Nearly every state in the union is set to vote on Tuesday. If you haven’t heard about it, you’re not alone.
Voters in Kentucky and Mississippi will decide on statewide offices like governor, attorney general and secretary of state. In Virginia, the entire state legislature is up for election. Democrats in New Jersey are seeking to retain their supermajority in the lower house of the state legislature, while special elections in Texas could bring Democrats even closer to taking control of the state House for the first time in modern history. These off-year elections for state legislature will play a crucial role in the redistricting that will follow the 2020 Census.
In San Francisco, there’s a high-profile four-way race for district attorney. New York City’s ballot includes ranked-choice voting, an election system in which voters mark not only their first choice in a race, but also who they’d prefer to win if their top candidate doesn’t make the cut.
Voters in Tucson may decide to make their hometown Arizona’s first so-called sanctuary city. And progressive cities like Seattle, Boulder, Colorado, and Cambridge, Massachusetts, will vote on zoning laws that have exacerbated the growing housing crisis. Tuesday will also decides whether at least 140,000 Americans have their voting rights restored.
With such impactful measures and offices on the ballot across the country, however, the prevailing coverage leading up to Tuesday’s election has barely existed, ignoring most of this in favor of polls and predictions about the national election in 2020 — just under a year away. Off-year elections can have high stakes, but it has long been evident that when compared to presidential and even midterm elections, they result in far lower voter turnout across the board. Yet most U.S. cities continue to hold local elections separate from federal and state elections, which tends to mean that local representation is less demographically reflective of the electorate. The voting population already skews older and whiter than the population as a whole, and this is even more disproportionate in off-year elections.
On Friday, a federal district court declined to stop the country’s most egregious example of such disenfranchisement. Mississippi has the largest population of African American voters in the nation, yet no African American has won statewide office there in more than 130 years. That’s because of a Jim Crow-era provision that makes Mississippi the only state in the nation where candidates for statewide office must win a majority of the popular vote and a majority of the House districts in the state. If no candidate manages that, the Republican-controlled state House would pick the winner.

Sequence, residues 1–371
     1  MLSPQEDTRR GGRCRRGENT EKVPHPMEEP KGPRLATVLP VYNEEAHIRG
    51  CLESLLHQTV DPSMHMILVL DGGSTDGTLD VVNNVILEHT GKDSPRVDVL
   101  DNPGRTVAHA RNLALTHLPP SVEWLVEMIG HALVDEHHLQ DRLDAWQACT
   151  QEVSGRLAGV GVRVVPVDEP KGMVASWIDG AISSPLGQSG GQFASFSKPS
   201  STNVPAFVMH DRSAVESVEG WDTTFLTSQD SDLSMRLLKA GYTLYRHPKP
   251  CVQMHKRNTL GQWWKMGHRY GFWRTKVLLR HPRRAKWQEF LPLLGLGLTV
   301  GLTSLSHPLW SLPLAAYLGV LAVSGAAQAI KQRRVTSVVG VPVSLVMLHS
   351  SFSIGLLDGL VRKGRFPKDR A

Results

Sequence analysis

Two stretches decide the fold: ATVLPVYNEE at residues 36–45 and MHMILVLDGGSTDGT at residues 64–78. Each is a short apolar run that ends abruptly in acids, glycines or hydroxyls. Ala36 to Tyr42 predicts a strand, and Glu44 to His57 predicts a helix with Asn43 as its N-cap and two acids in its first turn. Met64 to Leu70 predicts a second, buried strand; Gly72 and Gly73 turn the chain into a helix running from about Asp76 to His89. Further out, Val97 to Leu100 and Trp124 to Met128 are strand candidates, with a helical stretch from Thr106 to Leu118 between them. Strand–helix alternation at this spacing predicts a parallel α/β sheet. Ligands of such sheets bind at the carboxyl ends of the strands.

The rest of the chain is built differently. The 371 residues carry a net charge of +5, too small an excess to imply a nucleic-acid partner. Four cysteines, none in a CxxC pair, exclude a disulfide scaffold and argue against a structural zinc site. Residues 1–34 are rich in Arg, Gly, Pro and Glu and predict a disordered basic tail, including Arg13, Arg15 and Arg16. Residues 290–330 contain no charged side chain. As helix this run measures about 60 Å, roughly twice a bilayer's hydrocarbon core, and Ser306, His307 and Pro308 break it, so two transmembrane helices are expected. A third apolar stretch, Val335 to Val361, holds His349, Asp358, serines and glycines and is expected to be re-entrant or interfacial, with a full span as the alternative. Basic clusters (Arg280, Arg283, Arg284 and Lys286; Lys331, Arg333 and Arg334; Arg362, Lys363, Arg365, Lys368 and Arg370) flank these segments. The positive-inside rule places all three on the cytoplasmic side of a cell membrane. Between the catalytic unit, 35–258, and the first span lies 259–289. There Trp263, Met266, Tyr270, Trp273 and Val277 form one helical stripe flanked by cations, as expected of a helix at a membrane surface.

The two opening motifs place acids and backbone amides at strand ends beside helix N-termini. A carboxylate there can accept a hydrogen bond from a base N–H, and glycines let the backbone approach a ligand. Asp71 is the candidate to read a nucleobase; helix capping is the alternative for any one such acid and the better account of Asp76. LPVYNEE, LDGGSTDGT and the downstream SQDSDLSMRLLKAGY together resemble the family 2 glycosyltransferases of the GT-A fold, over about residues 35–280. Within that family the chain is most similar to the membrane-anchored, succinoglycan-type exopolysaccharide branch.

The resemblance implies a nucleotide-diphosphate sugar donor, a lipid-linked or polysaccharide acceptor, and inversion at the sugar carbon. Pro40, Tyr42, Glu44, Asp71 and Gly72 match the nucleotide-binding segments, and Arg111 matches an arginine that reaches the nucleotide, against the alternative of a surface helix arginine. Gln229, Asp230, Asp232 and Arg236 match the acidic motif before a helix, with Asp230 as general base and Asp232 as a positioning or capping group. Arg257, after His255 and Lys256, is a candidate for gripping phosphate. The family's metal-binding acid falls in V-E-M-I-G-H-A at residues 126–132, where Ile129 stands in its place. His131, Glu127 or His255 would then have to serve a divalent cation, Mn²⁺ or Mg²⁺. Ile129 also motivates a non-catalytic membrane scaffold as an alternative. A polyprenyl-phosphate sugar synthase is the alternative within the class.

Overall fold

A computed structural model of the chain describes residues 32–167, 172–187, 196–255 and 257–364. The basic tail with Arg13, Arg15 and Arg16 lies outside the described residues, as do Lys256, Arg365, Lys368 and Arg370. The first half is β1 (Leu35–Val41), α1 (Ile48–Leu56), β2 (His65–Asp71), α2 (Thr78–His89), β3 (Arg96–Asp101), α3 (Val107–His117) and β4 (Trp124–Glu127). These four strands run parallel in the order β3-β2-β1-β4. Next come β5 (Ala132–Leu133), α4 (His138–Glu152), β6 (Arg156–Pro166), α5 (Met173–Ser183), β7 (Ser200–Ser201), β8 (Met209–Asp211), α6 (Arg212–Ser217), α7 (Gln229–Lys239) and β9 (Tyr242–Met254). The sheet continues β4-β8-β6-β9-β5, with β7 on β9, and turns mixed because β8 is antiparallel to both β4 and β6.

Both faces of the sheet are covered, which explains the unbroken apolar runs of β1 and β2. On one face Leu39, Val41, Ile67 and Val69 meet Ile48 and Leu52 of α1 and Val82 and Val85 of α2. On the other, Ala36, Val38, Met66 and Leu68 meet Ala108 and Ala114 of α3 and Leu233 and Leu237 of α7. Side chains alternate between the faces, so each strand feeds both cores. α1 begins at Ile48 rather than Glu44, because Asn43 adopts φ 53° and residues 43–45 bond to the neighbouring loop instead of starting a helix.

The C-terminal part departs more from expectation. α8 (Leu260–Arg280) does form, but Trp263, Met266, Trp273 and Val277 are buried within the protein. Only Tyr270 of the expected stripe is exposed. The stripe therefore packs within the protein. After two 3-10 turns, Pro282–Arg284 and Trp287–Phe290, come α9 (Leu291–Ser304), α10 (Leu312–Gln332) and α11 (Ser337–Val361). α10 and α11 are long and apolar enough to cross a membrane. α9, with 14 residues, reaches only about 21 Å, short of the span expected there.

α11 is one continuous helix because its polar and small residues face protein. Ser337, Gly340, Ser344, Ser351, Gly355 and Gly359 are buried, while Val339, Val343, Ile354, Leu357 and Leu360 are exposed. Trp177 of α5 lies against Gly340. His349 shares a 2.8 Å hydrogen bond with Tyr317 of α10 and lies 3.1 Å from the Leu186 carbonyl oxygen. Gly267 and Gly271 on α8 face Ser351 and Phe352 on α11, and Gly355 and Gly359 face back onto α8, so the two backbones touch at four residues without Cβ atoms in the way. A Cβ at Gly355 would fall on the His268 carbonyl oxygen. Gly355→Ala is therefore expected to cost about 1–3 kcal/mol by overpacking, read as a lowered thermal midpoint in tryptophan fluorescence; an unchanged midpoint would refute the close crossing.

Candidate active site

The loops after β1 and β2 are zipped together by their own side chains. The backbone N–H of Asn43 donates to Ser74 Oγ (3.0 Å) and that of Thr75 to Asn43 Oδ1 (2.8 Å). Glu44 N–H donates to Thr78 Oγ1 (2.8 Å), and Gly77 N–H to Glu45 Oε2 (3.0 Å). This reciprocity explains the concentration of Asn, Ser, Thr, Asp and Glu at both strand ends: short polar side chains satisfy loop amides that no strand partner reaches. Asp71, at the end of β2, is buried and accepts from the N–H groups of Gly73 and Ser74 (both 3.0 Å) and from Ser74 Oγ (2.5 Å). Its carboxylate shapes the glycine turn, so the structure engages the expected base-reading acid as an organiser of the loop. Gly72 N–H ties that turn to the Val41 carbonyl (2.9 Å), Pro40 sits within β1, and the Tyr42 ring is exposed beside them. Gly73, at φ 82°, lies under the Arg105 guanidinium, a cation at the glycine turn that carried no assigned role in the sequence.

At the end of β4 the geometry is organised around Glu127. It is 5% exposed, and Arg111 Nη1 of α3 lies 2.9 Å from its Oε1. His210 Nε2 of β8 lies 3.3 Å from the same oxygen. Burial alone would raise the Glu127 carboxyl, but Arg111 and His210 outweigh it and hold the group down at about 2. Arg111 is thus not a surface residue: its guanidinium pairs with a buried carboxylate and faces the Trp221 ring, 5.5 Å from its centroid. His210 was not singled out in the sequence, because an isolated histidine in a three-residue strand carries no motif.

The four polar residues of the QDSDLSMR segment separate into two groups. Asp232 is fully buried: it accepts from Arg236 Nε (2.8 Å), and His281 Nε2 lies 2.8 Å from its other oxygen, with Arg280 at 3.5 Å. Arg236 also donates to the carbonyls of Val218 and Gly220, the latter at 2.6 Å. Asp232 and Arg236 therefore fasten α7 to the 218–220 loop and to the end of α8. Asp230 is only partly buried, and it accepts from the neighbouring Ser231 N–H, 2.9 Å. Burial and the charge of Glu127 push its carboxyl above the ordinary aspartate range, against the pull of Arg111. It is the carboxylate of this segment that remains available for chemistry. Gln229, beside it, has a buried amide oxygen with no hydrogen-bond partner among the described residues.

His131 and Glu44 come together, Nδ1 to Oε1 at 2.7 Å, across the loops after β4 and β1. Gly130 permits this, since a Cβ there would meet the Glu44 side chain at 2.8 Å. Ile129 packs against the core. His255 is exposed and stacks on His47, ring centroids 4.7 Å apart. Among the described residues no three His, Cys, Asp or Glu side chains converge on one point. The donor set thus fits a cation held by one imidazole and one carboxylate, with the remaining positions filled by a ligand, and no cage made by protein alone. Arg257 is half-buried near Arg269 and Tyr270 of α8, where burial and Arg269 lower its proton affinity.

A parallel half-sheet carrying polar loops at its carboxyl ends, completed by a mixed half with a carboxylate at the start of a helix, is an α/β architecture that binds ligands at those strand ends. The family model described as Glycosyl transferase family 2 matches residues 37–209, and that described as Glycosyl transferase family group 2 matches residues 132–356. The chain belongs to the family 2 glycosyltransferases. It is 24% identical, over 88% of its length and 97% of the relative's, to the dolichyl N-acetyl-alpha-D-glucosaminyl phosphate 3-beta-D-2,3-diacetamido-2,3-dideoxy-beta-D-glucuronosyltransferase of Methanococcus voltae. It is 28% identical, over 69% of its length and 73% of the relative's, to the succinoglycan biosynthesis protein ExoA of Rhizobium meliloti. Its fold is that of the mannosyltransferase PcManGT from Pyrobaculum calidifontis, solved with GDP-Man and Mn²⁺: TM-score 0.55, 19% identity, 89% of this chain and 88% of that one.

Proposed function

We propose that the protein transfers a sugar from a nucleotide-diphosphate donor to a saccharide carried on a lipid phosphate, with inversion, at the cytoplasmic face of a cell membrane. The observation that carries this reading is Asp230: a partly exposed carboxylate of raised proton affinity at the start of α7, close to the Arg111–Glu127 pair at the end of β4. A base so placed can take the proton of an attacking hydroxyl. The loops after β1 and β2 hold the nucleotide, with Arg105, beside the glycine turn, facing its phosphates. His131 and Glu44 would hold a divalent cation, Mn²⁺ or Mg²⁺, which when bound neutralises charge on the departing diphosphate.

While Democratic Attorney General Jim Hood, the only statewide elected Democrat in Mississippi, is running a surprisingly strong race to replace a retiring Republican governor, he has little chance of carrying a majority of House seats. So even if Hood were to win the most votes statewide, the GOP-controlled House could still install Republican candidate Tate Reeves as governor. Black people are 37 percent of Mississippi’s population and overwhelmingly vote Democratic. But thanks to the widely dispersed white majority, which overwhelmingly votes Republican, it’s all but impossible for a Democrat to win a statewide election.
In Kentucky 300,000 voters, including more than one in four of all African-American voters, can’t vote in Tuesday’s closely-watched governor’s race because of past felony convictions. Republican Gov. Matt Bevin, who is up for re-election against Democratic Attorney General Andy Beshear, recently reversed a policy restoring rights to nonviolent ex-offenders. The two candidates are tied in the latest Mason-Dixon survey, and several polls have shown that Bevin is deeply unpopular in the Bluegrass State — despite his evident affinity for President Trump. Beshear is the son of Kentucky’s last Democratic governor, but this disenfranchisement could be enough for Republican defeat in a state, where Donald Trump beat Hillary Clinton by 30 points in 2016.
In Texas, Democrats need to flip just nine seats to take control of Texas’ state House in 2020. One big reason for that was Beto O’Rourke’s unsuccessful 2018 Senate run, which dramatically increased turnout and helped beat back GOP voter suppression efforts. A special election pits one Democrat on the same ballot as six Republicans vying for the same state House seat. The race will result in a likely runoff, but if Democrat Eliz Markowitz finishes in the top two today it could prove critical to stopping the GOP from gerrymandering the congressional map after the 2020 census.
Heading into 2020, Tuesday’s elections could dramatically help Democrats. But low turnout may prove to be worse for democracy than the long lines we are almost guaranteed to see next year.